Administrators have been receptive to the Student Wellness Project’s Wellness Summit Report, Wilfred Chan, CC ’13 and the group’s founder, said.
Released last week, the report recommended three major policy changes to help shift the culture of Columbia and improve student wellness on campus.
On Friday, SWP presented the report to Columbia College Dean James Valentini and discussed ways to move forward from these suggestions.
“This meeting was a culmination of a longer history of us working with Dean Valentini on wellness issues—he’s been there since the beginning of SWP,” Chan said. “He was excited to hear what we’d come up with.”
The report calls for a reform of the New Student Orientation Program, the implementation of a first-semester pass/D/fail policy, and a restructuring and expansion of Counseling and Psychological Services.
“For NSOP, he was very supportive of reform. We focused on how we can make orientation groups lead to more permanent friendships,” Chan said. The discussion, he explained, revolved around “making sure people in your group are people you’re going to be in proximity with in the future.”
Valentini even offered his own suggestion, Chan added. The dean proposed the idea of a parallel orientation that would group students by their academic interests, in the hopes that these groups might allow students to form bonds with others they are likely to see in classes after the orientation period ends.
The focus for NSOP, Chan said, should be on “communicating to students a different narrative, a healthier, more holistic narrative … talking about how can we communicate that success can take many different forms.”
The group also talked to Valentini about ways to help students access campus resources and navigate Columbia’s complex bureaucracy.
In addition to the meeting with Valentini, Steven Castellano, CC ’13 and SWP political committee chair, met with Dean of Community Development and Multicultural Affairs Terry Martinez on Thursday to discuss the report. Martinez, who will take over as interim dean of student affairs once Kevin Shollenberger leaves in May, said she too found the report’s NSOP recommendations compelling.
“We have been using this year to really take a look at our orientation and what improvements we can make, and so some of his recommendations were in alignment with some of the thoughts I had,” Martinez said of her meeting with Castellano.
Martinez raised some concerns about not knowing where all the information in SWP’s report came from, but said that she hopes to implement an evaluation of NSOP this year to gauge a wider student reaction.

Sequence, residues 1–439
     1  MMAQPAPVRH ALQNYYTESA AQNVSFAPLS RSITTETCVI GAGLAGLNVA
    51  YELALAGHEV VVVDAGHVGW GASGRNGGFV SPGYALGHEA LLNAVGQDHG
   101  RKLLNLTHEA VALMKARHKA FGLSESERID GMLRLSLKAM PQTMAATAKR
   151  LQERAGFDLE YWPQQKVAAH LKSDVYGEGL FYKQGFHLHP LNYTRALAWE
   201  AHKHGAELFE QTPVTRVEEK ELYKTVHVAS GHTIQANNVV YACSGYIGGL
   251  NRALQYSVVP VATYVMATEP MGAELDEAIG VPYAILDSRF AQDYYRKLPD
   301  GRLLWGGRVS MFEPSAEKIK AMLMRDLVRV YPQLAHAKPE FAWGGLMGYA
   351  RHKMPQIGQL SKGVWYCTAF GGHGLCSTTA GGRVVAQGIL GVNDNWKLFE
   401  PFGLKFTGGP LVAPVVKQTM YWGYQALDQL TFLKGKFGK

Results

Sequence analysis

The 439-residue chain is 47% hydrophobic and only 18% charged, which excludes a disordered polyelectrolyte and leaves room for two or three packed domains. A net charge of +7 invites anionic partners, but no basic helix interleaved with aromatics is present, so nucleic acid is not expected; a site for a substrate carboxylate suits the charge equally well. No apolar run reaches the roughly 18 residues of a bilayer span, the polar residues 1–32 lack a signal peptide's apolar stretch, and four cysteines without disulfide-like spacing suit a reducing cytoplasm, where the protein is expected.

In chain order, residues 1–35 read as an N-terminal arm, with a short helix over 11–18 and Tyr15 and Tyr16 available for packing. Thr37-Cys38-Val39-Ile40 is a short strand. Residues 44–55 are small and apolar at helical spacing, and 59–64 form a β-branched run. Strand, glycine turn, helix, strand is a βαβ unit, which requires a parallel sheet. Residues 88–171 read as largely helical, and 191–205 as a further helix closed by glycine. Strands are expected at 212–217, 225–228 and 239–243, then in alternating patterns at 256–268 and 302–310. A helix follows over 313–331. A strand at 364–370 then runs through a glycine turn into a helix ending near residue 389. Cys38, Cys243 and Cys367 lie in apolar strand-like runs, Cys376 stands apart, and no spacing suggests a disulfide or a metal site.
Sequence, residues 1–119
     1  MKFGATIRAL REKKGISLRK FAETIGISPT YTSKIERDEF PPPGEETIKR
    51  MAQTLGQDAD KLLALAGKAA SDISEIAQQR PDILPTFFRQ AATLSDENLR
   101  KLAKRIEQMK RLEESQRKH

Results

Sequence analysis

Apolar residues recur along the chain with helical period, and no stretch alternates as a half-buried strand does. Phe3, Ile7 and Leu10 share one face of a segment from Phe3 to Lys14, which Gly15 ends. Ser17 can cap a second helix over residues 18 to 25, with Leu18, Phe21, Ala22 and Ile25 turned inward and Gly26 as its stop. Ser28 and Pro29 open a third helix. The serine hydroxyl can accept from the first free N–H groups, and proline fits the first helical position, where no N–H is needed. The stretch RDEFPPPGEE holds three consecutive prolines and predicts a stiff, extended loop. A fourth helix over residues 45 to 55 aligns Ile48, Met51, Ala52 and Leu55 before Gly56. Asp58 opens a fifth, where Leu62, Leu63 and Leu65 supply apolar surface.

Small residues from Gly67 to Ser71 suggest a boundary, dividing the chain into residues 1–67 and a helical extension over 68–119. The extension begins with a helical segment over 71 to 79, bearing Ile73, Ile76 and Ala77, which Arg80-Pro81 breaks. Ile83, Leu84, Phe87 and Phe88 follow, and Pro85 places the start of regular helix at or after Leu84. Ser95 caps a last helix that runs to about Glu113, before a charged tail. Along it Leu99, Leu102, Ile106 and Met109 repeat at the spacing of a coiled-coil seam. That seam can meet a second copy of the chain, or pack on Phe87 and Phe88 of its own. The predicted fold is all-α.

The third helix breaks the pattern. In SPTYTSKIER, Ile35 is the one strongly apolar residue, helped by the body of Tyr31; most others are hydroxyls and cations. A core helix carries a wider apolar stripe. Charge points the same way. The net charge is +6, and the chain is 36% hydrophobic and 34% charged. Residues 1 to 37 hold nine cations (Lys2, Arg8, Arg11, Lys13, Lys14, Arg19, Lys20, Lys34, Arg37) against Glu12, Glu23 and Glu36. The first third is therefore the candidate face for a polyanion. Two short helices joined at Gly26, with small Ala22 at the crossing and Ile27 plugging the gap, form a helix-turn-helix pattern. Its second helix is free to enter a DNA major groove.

“We need to create an evaluation moving forward for NSOP, which we don’t have,” Martinez said. “We had an evaluation of the orientation leader, but there hasn’t been an evaluation of the program, an assessment, a true assessment from students.”
She also said that in the past year, Community Development has been examining the messages that are sent to new students about NSOP, student wellness, and preparing for Columbia. This year, Martinez hopes to focus on evaluating the programmatic aspects of the week.
“Fundamentally, we need to be real clear about the outcomes and the goals of orientation, and create an assessment that is in alignment to ensure that we are reaching those goals,” she said. “We have come up with the goals of orientation, and so what I’m asking the staff to do is to take a look at all of the programs that are currently in orientation to see if we’re actually programming to meet the goals.”
Chan said Valentini expressed strong support for the first-semester pass/D/fail policy that the group recommended to reduce stress, which CCSC passed a resolution to support last month.
“I have brought the pass/fail proposal to the faculty Committee on Instruction, which is responsible for approving proposals for new majors and new courses as well as policy changes, and it will be discussed in the fall,” Valentini said in a statement Sunday night. “It is certainly something that they will consider. I will also speak with Health Services about the CPS changes that are recommended in the report.”
With regards to SWP’s recommendations for CPS, neither Valentini nor Martinez knew specific facts about the resource, but both expressed a desire to look into the issues presented in the report.
“I honestly don’t know the reality of the waiting times and what that is for our students,” Martinez said. “I do believe that students know the resource is there, and students are frustrated that they can’t tap into them when it’s most needed.”
She added, “I’m always concerned with this perception of this mandatory leave policy—that there’s a perception that we make students leave, which is inaccurate. And I don’t want students not to utilize the services because they think we’re going to force them to leave.”
Martinez was unclear about the specifics of the policy on Friday, and the Columbia Health website did not clearly display any information regarding the cap on the number of times a student can visit CPS before they must seek therapy elsewhere. Martinez said she would clarify the policy before elaborating her position on it.
Chan said that Valentini agreed he would like clarification on some of the policies at CPS.
“From our perspective as students, we believe that many people who work at CPS are excellent, but that the bureaucratic system is a problem,” Chan said. “We’re looking forward to working with them on this issue.”
While SWP’s report marks the beginning of a lot more work, Chan and administrators seem to be using this as a big moment for turning conversation into action.
“We definitely want to acknowledge that this hasn’t just been the work of SWP, but all the students, groups, and administrators who have participated in discussions about improving student wellness over the last year and a half,” Chan said. “We all know progress can be difficult or slow at Columbia, and this represents an important step forward.”